Many Black Americans who contracted the coronavirus experienced serious illness because of pre-existing conditions like obesity, hypertension and chronic kidney disease, which themselves were often the result of “differential access to high-quality care and health promoting resources,” the report says.

The authorization of the first coronavirus vaccines was seen by many experts as a light at the end of the tunnel, but new disparities emerged, driven by both vaccine hesitancy and limited access to the shots.

Though the gap in vaccinations has since narrowed — 80 percent of Black Americans were fully vaccinated as of January, compared with 83 percent of white Americans, the report says — disparities persist.

“We understand that there remains unfinished work yet to do to save and protect our communities from the Covid-19 pandemic,” wrote Dr. Reed Tuckson, who in April 2020 co-founded the Black Coalition Against Covid.

And when it comes to unfinished work, long Covid is top of mind.

“So much of even getting a long Covid diagnosis is tied to having had a positive test right at the beginning,” said Dr. Nunez-Smith, adding that early on in the pandemic, many Black Americans “weren’t able to secure a test and in some cases, were denied testing.”

She emphasized the importance of investing adequate resources into studying long Covid. “Like everything else, without intentionality, we’re not going to get to equity there,” she said.


March 29, 2022

An earlier version of this item described incorrectly the average rate of weekly cases, hospitalizations and deaths from Covid among Black Americans in the first three months of the pandemic. They were rates per 100,000 people, not percentages. An earlier version also included outdated figures provided by the Black Coalition Against Covid that the organization revised after publication.

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Holiday travel safety tips amid Omicron concerns

ST. JOSEPH COUNTY, Ind. — More than 100 million Americans are planning on hitting the road or flying for the holidays, but with the more contagious Omicron variant raging across the U.S., there are some important things you need to know to keep you and your family safe.

Here are some tips from the St. Joseph County Health Department:

If you and your family are traveling by car this holiday season health experts recommend everyone traveling whether you’re vaccinated or not to mask up if you’re stopping at a rest stop, going inside of a gas station, store or restaurant on the way.

If you’re heading out of state experts also advise to check with that specific state’s health guidelines and recommendations to ensure you’re following those.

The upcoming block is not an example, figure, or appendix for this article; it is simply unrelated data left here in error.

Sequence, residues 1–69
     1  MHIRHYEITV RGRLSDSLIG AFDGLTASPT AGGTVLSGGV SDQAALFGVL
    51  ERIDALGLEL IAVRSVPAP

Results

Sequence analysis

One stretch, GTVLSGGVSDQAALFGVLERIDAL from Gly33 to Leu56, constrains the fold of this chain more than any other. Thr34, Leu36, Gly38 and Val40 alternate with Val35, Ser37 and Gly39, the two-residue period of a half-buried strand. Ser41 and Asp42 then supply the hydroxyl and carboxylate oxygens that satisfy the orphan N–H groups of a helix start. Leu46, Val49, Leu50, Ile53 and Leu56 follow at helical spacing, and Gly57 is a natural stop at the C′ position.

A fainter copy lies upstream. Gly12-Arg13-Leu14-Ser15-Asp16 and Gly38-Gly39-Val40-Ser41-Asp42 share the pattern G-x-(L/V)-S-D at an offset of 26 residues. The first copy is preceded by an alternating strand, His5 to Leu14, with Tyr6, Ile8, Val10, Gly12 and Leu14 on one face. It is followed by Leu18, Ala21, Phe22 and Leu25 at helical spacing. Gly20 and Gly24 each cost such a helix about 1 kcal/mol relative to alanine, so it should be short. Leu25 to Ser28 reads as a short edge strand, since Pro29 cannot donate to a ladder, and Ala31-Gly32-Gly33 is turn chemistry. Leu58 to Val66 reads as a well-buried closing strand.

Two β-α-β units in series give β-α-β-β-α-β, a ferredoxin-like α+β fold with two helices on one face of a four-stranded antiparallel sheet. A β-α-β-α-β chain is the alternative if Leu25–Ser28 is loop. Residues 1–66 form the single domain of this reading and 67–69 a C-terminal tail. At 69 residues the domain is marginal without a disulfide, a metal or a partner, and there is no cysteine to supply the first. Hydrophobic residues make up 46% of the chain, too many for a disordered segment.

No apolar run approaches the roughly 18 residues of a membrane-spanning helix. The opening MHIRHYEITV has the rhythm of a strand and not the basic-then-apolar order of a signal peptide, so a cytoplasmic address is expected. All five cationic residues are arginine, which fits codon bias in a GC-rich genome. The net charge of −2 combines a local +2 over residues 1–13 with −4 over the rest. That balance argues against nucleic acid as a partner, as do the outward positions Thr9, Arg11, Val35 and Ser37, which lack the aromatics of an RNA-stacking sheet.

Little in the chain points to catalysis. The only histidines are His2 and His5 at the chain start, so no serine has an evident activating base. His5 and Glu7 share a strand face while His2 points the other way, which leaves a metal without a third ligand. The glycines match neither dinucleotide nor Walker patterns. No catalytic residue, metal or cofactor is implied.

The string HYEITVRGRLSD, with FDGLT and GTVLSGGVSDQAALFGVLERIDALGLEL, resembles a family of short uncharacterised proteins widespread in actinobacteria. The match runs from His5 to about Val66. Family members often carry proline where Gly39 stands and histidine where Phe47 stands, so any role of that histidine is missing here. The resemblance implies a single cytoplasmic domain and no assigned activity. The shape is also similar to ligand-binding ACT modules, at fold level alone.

“Part of it depends on how far you’re traveling. So, an extended trip anyone who’s in the car together is at risk to one another. So, presumably that’s your family members, but if anyone is sick they should be tested or they out to stay home…” said St. Joseph County Deputy Health Officer, Dr. Mark Fox.

If you’re staying home to host a holiday celebration with vaccinated or unvaccinated people outside your household experts recommended limiting the gathering size and wearing masks, except when eating and drinking.

Since most gatherings will be happening indoors health experts also suggested keeping good air flow in the house by opening windows or having a fan on during festivities.

“So, if you’re going to spend all day at grandma’s house, then fewer people for a longer period of time is certainly safer. But particularly if anyone in that group is at high risk based on age or medical problems the other piece of advice is there’s benefit to getting a rapid test before you gather with family again to try to reduce the rest anyone who’s especially vulnerable in that gathering,” said Dr. Fox.

If you’re taking to the friendly skies while in flight Dr. Fox recommended keeping air vents open, limiting the amount of time your mask is off, along with hand-washing, sanitizing, and social distancing whenever possible inside of the airport.

“The benefits of air travel is that masks are required, so that’s kind of non-negotiable and the airplanes themselves really are pretty safe because they do frequent air exchanges for the cabin air so the riskiest place in my view is the airport itself,” said Dr. Fox. “I guess the other thing I would say particularly for people who are at higher risk is wearing a higher quality mask an N-95 or KN-95. N-95 is usually in the healthcare setting but the KN-95 there were more widely available now.”

Dr. Fox also recommended getting tested three to five days after you come back from traveling.